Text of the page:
The case of the missing quasar

Astronomers can’t find any sign of the black hole at the centre of the quasar SDSS J1011+5442, and they couldn’t be happier.
The black hole is still there, of course, but over the past ten years, it appears to have swallowed all the gas in its vicinity. With the gas fallen into the black hole, astronomers from the Sloan Digital Sky Survey (SDSS) were unable to detect the spectroscopic signature of the quasar, which now appears as an otherwise normal galaxy.

“This is the first time we’ve seen a quasar shut off this dramatically, this quickly,” says Jessie Runnoe of Pennsylvania State University, the study’s lead author, who is presenting this finding at the 227th meeting of the American Astronomical Society in Kissimmee, Florida.

Credit: Dana Berry / SkyWorks Digital

This image shows an artist’s conception of the “changing-look quasar” as is appared in early 2015. The glowing blue region shows the last of the gas being swallowed by the central black hole as it shuts off. The spectrum is the previous one obtained by the SDSS in 2003. 

The key to the discovery was the SDSS’s long history of studying the sky. The survey first measured a spectrum of SDSS J1011+5442 way back in January 2003. Such a spectrum allows astronomers to understand the properties of the gas being swallowed by the black hole. In particular, looking at the strength of the prominent “hydrogen-alpha” line shows how much gas is currently falling into the central black hole. The SDSS measured another spectrum for SDSS J1011+5442 in early 2015, allowing astronomers to compare the rate of infalling gas between the two measurements twelve years apart.

“The difference was stunning and unprecedented,” said John Ruan of the University of Washington, lead author of a related paper as well as a member of Runnoe’s team. Ruan is also speaking at the AAS meeting. “The hydrogen-alpha emission dropped by a factor of 50 in less than twelve years, and the quasar now looks like a normal galaxy.” The change was so great that throughout the SDSS collaboration and astronomy community, the quasar became known as a “changing-look quasar.”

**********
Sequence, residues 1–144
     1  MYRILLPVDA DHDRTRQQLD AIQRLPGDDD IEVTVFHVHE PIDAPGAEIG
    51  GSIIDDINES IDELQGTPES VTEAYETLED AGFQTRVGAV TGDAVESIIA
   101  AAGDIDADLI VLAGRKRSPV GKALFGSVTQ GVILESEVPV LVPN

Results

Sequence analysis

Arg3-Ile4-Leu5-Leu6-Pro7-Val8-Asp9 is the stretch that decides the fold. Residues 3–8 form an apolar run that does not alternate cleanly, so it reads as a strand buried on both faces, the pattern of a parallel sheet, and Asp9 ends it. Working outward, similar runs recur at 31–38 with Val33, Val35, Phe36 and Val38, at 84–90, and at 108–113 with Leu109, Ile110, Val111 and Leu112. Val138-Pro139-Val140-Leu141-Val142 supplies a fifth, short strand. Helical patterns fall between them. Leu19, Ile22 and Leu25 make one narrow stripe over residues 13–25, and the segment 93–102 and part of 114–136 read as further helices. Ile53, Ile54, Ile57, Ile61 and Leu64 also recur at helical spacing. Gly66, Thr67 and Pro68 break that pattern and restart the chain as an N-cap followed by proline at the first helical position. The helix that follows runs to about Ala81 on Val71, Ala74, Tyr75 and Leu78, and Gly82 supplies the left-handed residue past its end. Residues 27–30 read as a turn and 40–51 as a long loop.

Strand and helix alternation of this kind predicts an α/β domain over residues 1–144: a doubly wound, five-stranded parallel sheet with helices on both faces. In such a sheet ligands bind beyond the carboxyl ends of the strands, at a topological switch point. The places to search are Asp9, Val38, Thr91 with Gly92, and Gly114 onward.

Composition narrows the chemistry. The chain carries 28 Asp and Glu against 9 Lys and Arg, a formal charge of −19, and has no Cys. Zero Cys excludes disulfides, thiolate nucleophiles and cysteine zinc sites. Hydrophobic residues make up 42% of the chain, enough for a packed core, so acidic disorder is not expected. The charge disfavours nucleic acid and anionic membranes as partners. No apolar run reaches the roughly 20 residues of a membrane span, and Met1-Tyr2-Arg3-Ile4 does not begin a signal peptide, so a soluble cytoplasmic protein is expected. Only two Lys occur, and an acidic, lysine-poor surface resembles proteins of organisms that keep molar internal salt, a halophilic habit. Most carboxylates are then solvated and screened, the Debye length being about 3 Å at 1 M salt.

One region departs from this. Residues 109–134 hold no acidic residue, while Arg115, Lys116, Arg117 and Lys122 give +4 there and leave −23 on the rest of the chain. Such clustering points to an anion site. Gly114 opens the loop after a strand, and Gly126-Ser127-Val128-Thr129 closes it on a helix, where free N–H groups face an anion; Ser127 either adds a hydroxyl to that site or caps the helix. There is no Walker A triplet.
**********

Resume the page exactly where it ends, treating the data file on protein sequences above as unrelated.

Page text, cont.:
Over those twelve years, other telescopes have also been looking at this changing-look quasar, and Runnoe’s study made use of these additional observations as well. The additional data allowed the team to narrow down the period of change, finding that the quasar decreased by a factor of 50 in just a few years.

So how do astronomers explain this unusual apparently disappearing black hole? Quasars result from giant black holes at the centres of distant galaxies. These black holes are enormous — in the case of the changing-look quasar, 50 million times the mass of the Sun — that infalling gas heats up to unimaginable millions of degrees. The hot gas glows so brightly that it is visible to us, all the way across the universe.

“If we saw this quasar swallowing gas in 2003 and don’t see it any more, that can mean one of three things,” says Ruan. One possibility is that a thick layer of dust is passing through the host galaxy, obscuring our view of the black hole region at its centre, but there is no way that any dust cloud could have moved fast enough to cause a 50-fold drop in brightness in just two years. Another possibility is that the bright quasar in 2003 was just a temporary flare caused by the black hole ripping apart a nearby star. While this possibility has been invoked in similar cases before, it cannot to explain the fact that the changing-look quasar had been shining for many years before it turned off.

The team’s conclusion is that the quasar has used up all the glowing-hot gas in its immediate vicinity, leading to a rapid drop in brightness. “Essentially, it has run out of food, at least for the moment,” says Runnoe. “We were fortunate to catch it before and after.”

The changing look quasar is the first major discovery of the Time-Domain Spectroscopic Survey (TDSS), one of the components of the Sloan Digital Sky Survey’s fourth phase. TDSS will continue for the next several years, promising many more surprising discoveries in the future.

“We are used to thinking of the sky as unchanging,” says Scott Anderson, the Principal Investigator of TDSS. “The SDSS gives us a great opportunity to see that change as it happens. In fact, we found this quasar because we went back to study thousands of quasars seen before. This discovery was only possible because the SDSS is so deep and has continued so long.”

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